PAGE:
Self-made billionaire and two-time independent presidential candidate Ross Perot died Tuesday at 89 after a five-month battle with leukemia.
The Texas philanthropist and tech entrepreneur unsuccessfully ran for president in 1992 and 1996.
“In business and in life, Ross was a man of integrity and action. A true American patriot and a man of rare vision, principle and deep compassion, he touched the lives of countless people through his unwavering support of the military and veterans and through his charitable endeavors,” James Fuller, a representative for the Perot family, said in a statement.
The third child of Lulu May Ray and Gabriel, Perot was born in Texarkana in 1930. He entered the U.S. Naval Academy in 1949 and went on to start his first company, Electronic Data Systems, with a $1,000 loan at age 32. He became a millionaire after taking the company public in 1968 and became a billionaire in 1984 when it was acquired by General Motors Corp.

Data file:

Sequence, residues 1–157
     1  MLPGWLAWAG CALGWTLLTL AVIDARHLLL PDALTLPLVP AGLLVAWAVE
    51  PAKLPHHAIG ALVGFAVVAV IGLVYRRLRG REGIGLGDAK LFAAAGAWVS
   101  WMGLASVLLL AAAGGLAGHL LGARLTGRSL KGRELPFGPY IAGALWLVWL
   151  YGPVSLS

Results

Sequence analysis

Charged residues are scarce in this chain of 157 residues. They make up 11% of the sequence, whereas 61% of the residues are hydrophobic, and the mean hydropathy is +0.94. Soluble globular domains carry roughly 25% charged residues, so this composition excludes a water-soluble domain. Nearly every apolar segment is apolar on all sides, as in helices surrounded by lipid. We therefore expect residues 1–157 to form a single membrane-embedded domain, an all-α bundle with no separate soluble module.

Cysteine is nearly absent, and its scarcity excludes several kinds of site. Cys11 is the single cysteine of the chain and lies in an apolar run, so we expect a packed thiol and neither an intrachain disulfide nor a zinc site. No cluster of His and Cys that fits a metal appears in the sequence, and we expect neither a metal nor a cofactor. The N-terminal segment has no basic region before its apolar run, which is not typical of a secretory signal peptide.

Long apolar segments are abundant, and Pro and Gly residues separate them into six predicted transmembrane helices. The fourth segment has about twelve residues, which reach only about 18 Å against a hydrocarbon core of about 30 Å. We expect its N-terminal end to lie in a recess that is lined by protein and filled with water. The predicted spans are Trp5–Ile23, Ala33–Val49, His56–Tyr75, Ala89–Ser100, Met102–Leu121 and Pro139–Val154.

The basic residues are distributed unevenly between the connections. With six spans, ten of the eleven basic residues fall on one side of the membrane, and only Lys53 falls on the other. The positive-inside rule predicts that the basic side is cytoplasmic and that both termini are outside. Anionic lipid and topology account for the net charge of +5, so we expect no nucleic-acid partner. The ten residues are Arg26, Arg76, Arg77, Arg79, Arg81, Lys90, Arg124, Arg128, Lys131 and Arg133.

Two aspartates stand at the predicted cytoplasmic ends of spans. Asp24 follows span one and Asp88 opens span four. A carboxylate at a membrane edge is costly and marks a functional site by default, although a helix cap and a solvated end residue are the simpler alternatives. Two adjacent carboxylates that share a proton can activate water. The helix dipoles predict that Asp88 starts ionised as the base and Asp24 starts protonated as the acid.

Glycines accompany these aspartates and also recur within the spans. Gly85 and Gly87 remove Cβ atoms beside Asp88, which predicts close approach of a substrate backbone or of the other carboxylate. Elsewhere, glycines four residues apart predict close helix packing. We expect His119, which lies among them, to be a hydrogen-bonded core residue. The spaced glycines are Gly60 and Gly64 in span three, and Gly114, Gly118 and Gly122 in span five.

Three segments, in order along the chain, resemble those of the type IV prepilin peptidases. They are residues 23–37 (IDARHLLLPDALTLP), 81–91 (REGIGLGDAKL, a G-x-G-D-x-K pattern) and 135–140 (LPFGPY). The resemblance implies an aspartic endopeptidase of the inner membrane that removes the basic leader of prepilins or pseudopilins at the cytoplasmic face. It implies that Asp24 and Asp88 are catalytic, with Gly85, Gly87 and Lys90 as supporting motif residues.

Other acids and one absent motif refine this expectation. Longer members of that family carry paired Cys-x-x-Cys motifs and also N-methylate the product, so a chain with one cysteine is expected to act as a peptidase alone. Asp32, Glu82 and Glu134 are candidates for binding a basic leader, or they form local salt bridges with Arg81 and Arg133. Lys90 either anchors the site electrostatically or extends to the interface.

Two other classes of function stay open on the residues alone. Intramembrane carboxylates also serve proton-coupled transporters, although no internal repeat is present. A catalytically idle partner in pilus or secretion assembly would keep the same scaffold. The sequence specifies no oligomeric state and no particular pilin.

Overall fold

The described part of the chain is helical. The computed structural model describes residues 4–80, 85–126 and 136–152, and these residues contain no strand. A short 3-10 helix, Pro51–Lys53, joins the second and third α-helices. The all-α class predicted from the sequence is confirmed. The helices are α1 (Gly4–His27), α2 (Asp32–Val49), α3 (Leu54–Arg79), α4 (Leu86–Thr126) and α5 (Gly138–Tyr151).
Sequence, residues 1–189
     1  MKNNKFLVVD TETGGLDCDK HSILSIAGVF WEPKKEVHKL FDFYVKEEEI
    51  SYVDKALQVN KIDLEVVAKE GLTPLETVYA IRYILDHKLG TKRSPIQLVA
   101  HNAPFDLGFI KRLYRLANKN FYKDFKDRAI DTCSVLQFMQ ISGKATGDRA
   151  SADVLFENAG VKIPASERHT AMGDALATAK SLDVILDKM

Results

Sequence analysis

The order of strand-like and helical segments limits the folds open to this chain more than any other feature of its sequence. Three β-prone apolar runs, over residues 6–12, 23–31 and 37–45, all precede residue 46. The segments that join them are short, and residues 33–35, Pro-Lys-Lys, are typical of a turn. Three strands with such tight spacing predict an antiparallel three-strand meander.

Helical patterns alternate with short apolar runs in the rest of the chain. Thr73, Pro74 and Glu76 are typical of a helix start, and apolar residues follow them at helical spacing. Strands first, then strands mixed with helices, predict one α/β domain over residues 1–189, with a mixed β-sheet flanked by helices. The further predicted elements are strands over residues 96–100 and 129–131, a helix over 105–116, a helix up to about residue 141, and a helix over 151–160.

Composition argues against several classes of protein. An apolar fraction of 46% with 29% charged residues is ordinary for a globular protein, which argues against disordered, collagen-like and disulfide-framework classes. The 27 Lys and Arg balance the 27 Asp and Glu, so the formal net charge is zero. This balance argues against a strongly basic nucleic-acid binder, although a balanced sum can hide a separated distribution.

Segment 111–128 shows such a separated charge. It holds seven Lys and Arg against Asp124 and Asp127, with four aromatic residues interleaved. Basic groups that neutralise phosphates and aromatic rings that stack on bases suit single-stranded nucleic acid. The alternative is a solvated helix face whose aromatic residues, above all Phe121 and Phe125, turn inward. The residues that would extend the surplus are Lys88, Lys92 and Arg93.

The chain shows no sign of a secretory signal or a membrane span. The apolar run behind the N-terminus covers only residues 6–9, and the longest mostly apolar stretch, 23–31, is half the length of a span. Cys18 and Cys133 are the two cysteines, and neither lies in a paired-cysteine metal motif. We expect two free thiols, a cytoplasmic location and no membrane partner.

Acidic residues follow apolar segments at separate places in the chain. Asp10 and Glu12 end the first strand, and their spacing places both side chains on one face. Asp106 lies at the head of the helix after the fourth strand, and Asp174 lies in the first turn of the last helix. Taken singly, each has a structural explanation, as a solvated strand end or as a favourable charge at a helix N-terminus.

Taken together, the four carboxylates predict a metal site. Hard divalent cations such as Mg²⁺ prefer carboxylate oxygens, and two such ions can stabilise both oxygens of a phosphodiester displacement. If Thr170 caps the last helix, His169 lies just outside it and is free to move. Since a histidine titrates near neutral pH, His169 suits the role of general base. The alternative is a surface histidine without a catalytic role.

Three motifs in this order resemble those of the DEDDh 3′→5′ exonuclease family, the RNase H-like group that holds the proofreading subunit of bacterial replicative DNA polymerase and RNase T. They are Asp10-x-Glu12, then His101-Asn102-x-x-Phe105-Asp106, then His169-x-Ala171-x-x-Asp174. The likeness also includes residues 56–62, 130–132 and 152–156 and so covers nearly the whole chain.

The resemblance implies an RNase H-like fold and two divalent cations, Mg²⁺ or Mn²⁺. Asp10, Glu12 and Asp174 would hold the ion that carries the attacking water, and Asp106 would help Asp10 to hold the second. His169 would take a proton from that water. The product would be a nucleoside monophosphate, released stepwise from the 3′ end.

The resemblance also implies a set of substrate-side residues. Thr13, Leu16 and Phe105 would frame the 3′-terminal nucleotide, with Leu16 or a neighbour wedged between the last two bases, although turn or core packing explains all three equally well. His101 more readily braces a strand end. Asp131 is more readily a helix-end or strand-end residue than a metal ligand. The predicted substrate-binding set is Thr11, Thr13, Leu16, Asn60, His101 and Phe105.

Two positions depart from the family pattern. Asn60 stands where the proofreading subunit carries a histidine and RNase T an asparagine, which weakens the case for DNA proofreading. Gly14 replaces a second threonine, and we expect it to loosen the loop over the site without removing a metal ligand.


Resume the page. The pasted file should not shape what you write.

In 1986, Perot became just the third American to receive the Winston Churchill Award for his efforts organizing protests over the treatment of American POWs in Vietnam and for his role in organizing a team of commandos to rescue two of his EDS employees from an Iranian prison in 1979. The rescue captured the country’s imagination and became the basis for Ken Follett’s 1983 thriller On Wings of Eagles as well as an NBC miniseries.
Having established himself as a successful entrepreneur, Perot managed to capture 19 percent of the popular vote in his first third-party presidential bid, ensuring Bill Clinton’s victory over George H.W. Bush.
Perot gave generously to numerous causes and was particularly troubled by the plight of veterans, donating $2.5 million to the University of Texas Southwestern toward further research on neurological symptoms suffered by soldiers returning from war. All told, Perot is said to have donated more than $100 million to the university.
Asked in 2016 how he wanted to be remembered, Perot told the Dallas Morning News, “Aw, I don’t worry about that.”
“Texas born. Texas bred. When I die, I’ll be Texas dead. Ha!” Perot said to conclude his final public interview.